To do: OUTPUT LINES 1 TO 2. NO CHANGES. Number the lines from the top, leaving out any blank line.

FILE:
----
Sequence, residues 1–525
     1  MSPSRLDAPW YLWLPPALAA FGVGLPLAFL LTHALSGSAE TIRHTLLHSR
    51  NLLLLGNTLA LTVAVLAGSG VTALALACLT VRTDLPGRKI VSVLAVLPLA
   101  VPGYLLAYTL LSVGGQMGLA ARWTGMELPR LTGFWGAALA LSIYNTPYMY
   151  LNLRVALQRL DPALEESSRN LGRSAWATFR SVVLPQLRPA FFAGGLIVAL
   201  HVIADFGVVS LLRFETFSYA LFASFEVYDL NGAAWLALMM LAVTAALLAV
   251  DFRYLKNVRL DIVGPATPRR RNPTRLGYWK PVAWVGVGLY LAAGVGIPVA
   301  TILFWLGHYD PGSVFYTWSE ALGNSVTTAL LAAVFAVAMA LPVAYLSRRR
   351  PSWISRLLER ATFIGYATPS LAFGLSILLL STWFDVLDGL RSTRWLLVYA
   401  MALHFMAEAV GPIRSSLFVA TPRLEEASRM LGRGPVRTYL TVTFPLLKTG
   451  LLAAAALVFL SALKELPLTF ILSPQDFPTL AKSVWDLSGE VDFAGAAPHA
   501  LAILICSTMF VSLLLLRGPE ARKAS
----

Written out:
Sequence, residues 1–525
     1  MSPSRLDAPW YLWLPPALAA FGVGLPLAFL LTHALSGSAE TIRHTLLHSR